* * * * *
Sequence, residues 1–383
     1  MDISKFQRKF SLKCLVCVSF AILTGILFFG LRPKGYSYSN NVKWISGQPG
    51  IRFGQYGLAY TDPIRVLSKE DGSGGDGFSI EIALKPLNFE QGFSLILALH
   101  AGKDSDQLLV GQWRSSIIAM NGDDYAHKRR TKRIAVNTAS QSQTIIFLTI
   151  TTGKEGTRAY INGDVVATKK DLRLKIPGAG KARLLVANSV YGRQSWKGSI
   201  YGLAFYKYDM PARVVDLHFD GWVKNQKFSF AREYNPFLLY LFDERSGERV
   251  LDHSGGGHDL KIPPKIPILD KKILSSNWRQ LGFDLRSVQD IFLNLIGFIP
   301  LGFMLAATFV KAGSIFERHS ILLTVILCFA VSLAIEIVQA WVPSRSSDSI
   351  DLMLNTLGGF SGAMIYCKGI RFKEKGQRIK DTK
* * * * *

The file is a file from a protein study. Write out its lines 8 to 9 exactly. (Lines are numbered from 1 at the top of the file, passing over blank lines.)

   301  LGFMLAATFV KAGSIFERHS ILLTVILCFA VSLAIEIVQA WVPSRSSDSI
   351  DLMLNTLGGF SGAMIYCKGI RFKEKGQRIK DTK